Sally and Charles had an intense but short lived romance. Afterward, the former lovers wanted nothing to do with each other. But they still had one thing in common: their daughter, a young girl we’ll call Amy. Sally strongly resisted letting Charles have any contact with Amy. As a result, the couple was in and out of court trying to resolve custody issues. Eventually, the family court decided that Amy would live with Sally. Charles, though, would have the right to spend time with Amy regularly.
This compromise was threatened when Sally complained to the authorities. Sally claimed that Charles sexually abused Amy. However, once investigators spoke to Amy alone, it became clear that something else was amiss. Amy’s initial medical examinations indicated no signs of abuse. Although Amy said her mother’s story was true, their stories did not match up. Charles also produced witnesses and video footage of himself and Amy attending a party at the time of the supposed abuse. All signs pointed to Sally making the whole thing up. Nevertheless, Sally pressed the issue in court, and requested even more invasive medical examinations of Amy.
In the end, the judge decided that Sally was making the whole thing up. In fact, the judge ruled that Sally’s false accusations were themselves a form of child abuse. Sally’s lies caused Amy to undergo invasive medical examinations, which violated Amy’s privacy. Additionally, Sally asked the child to lie about something very serious. In sum, Sally likely caused Amy severe psychological harm. The judge took custody away from Sally, at least for the time being.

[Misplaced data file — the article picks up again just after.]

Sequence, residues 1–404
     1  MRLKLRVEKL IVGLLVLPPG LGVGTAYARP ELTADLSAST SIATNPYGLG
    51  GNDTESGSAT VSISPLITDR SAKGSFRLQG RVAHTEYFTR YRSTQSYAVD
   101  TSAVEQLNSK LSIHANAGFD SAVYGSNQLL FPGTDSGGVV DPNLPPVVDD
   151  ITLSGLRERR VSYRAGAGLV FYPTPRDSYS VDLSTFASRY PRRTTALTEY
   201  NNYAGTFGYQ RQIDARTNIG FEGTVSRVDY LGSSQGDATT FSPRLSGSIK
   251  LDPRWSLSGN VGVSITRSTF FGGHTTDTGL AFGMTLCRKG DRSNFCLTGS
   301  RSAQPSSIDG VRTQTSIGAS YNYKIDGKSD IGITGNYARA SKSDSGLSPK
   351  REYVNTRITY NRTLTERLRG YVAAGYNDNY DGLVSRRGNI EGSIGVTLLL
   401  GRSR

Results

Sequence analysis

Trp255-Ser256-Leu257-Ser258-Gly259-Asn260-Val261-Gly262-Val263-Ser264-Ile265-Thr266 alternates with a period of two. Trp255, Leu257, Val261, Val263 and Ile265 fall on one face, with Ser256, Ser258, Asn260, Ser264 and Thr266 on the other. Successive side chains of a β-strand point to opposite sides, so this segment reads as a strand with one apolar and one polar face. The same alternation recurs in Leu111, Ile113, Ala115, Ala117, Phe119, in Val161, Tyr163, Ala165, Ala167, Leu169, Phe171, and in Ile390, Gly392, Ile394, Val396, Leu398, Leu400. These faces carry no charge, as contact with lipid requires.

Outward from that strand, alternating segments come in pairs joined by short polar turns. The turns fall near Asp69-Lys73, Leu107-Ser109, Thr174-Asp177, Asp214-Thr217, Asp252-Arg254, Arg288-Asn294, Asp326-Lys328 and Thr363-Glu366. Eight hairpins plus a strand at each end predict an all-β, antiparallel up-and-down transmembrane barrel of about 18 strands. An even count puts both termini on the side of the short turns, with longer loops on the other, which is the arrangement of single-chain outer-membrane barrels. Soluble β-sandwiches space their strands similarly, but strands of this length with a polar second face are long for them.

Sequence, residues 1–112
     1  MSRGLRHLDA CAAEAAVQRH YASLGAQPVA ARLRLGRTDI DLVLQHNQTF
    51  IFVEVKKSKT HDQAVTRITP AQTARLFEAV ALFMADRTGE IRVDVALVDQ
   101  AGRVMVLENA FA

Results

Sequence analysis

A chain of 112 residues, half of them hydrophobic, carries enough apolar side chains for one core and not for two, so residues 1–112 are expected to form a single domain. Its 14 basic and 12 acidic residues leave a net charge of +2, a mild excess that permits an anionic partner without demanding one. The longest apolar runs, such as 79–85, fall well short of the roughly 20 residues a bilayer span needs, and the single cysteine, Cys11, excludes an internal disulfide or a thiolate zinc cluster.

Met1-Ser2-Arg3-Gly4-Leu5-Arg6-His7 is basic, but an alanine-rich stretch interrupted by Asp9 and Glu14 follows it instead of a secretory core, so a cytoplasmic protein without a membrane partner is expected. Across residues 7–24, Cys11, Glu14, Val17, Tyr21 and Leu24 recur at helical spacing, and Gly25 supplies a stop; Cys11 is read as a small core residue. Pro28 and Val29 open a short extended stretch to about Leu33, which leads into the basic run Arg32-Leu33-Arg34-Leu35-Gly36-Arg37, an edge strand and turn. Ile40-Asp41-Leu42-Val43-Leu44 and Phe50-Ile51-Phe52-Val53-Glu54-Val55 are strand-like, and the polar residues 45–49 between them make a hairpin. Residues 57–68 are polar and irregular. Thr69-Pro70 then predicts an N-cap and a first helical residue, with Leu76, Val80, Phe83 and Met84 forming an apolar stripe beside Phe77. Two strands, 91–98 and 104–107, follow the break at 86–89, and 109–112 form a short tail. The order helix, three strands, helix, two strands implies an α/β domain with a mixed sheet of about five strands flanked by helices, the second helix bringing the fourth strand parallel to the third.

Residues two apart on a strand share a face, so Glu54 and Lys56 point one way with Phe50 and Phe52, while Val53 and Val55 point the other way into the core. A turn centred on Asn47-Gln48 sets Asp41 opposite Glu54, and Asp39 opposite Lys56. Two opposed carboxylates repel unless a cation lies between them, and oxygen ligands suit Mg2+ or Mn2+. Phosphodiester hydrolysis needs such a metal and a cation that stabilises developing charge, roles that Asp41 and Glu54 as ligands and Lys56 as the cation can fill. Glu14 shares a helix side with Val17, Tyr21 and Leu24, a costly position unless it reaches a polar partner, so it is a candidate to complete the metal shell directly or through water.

People often say that when something bad happens, you should never attack the victim. But sometimes, it’s the accuser who really bears the blame.
Marc S. Berman is an attorney with offices in Fair Lawn and Paramus. You can follow him on Twitter here. Disclaimer: The articles posted here are for informational purposes only, and are not intended as legal advice for specific cases. Readers should not act, or refrain from acting, based upon any information presented here, but rather should retain an attorney to advise them.